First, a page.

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For Bush-Cheney organization, ’04 ‘campaign is now’

Even though the president says he's too busy to be thinking about politcs, legions of Bush-Cheney organizers are canvassing the country, registering new voters in battleground states and signing up volunteers for help with voter turnout.   NBC's David Gregory reports.

They came to New Orleans this month for the Sugar Bowl, but the “Bush-Cheney 04” campaign volunteers care more about politics than football.

Volunteer Kimberly Allen said even 10 months before Election Day, the campaign is now. “I think it’s just getting a jump start on the competition, you know.  There’s no need for us to wait and figure out who the Dems put out at their convention.”

Legions of Bush-Cheney organizers are canvassing the country registering new voters in battleground states and signing up volunteers for help with voter turnout — a ground game that Bush advisers claim is unparalleled in political history.

According to Ralph Reed of the Bush-Cheney ’04 campaign, “I mean, we have 6 million e-mails.  We will have a million team leaders by the time we get to Election Day — that’s one for every 50 Bush voters.”

The nerve center of the re-election drive is Bush-Cheney headquarters in Northern Virginia, where staffers have compiled an e-mail list 10 times the size of Democrat Howard Dean’s and count the money. The campaign war chest is expected to top a record $170 million.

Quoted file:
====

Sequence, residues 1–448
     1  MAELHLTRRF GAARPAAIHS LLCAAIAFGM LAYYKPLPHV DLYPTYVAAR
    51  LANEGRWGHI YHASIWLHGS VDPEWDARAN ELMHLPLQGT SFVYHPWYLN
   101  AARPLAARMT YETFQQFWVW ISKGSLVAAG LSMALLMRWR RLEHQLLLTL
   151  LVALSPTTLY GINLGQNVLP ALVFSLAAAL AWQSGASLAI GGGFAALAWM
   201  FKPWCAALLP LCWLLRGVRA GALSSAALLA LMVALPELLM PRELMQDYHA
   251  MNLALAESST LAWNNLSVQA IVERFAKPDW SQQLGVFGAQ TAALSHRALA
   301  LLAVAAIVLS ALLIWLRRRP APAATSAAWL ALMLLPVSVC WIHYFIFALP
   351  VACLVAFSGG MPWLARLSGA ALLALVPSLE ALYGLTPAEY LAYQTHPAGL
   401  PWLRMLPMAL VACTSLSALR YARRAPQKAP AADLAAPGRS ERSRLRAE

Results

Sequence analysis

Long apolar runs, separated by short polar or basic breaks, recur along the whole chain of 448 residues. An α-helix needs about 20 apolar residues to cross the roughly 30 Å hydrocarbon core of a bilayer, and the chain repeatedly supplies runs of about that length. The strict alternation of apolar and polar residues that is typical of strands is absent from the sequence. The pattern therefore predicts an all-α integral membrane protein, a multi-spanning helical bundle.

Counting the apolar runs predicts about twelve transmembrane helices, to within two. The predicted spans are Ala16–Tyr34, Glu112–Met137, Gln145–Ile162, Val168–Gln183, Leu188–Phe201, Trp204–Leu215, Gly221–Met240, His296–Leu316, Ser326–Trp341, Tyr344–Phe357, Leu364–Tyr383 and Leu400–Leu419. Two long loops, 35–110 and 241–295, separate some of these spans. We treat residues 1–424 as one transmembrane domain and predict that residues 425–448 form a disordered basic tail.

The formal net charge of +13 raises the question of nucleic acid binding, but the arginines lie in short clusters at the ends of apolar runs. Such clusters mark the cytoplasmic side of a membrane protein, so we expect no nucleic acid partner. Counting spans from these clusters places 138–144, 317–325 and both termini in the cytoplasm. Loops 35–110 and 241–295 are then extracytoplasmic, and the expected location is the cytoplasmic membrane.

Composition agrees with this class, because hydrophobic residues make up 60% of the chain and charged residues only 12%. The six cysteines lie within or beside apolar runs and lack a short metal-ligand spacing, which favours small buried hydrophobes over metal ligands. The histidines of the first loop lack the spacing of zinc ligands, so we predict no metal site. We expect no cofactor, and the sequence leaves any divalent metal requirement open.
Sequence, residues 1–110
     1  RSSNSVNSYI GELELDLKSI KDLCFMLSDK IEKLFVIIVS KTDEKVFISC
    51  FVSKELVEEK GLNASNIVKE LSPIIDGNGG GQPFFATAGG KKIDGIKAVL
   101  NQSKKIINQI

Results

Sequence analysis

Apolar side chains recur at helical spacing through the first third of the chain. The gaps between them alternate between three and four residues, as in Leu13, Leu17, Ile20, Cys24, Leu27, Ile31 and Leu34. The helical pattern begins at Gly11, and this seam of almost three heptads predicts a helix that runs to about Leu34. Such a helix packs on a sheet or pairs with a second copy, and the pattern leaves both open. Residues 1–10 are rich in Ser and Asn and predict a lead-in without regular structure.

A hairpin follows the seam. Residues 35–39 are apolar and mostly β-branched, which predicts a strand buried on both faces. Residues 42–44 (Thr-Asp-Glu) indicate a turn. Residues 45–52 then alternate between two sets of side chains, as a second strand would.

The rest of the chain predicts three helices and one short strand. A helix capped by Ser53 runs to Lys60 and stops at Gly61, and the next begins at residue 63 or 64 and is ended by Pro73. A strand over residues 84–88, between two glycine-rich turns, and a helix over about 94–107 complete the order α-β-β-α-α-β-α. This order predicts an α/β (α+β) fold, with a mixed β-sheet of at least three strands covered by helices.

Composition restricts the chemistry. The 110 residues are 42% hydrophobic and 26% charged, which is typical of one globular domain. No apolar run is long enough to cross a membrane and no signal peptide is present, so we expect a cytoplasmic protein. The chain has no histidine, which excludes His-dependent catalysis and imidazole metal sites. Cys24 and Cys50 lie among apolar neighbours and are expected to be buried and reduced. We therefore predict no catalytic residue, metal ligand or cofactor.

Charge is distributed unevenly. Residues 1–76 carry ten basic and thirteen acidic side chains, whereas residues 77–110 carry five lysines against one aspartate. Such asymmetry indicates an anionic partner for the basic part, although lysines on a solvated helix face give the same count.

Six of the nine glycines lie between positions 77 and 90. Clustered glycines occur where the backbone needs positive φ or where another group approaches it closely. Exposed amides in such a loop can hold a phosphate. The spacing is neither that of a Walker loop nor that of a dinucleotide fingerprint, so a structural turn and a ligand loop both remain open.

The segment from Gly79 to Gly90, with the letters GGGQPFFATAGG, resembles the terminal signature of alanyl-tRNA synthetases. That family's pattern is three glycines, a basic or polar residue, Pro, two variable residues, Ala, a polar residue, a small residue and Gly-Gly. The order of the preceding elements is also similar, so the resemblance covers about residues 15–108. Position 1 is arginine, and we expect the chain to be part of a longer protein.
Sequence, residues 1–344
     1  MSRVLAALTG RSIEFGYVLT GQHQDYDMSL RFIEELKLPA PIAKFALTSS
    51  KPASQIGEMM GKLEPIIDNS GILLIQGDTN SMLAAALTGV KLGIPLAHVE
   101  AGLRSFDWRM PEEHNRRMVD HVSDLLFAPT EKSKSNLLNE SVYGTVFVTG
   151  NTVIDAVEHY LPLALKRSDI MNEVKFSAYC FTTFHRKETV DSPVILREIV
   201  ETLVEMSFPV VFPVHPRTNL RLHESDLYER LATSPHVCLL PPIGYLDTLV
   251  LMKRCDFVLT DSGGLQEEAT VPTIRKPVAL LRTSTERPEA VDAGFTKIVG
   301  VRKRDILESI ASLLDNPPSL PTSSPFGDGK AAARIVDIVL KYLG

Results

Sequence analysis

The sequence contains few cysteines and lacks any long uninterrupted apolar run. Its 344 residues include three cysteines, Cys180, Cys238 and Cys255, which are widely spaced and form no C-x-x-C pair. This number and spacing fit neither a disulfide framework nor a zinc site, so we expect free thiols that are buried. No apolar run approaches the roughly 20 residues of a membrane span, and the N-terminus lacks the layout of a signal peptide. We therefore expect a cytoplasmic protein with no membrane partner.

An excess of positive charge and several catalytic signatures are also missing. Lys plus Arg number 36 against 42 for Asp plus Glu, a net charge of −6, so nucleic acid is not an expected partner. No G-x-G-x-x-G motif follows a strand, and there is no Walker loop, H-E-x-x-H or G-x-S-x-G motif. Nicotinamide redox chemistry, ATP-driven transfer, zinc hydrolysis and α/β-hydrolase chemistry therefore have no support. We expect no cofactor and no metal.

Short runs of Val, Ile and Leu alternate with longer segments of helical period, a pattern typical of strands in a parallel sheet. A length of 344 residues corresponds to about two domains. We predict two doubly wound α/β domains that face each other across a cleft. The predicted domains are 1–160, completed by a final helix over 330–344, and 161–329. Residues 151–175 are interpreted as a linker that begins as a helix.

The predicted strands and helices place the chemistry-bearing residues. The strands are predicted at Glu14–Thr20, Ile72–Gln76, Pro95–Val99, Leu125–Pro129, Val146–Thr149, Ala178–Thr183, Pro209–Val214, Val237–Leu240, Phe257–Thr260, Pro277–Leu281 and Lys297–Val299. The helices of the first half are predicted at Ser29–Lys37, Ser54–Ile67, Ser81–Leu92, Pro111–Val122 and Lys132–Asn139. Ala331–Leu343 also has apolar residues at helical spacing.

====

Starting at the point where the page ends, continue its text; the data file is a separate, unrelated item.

Too busy for politics?
But while all of this is happening, President Bush himself sticks to the official line: that he’s too busy to think about politics, “I admit, I’m loosening up.  I’m getting ready.  But right now I’m focusing on the business of the people,” the president says.

In fact, advisers close to the White House paint a much different picture. They say the president has dictated the themes of the re-election, is deeply in involved in tactics and has a keen interest in the Democratic field.

White House politics have been on display since the first of the year — take Wednesday’s rollout on space exploration, immigration reform and the promotion of Bush’s education plan.

“Everything they’ve done has been geared toward adding a few percentage points here and there with all the key constituency groups to get him back in for a second term,” said Larry Sabato of the University of Virginia.

All of which proves this is less a campaign kickoff than a game well under way.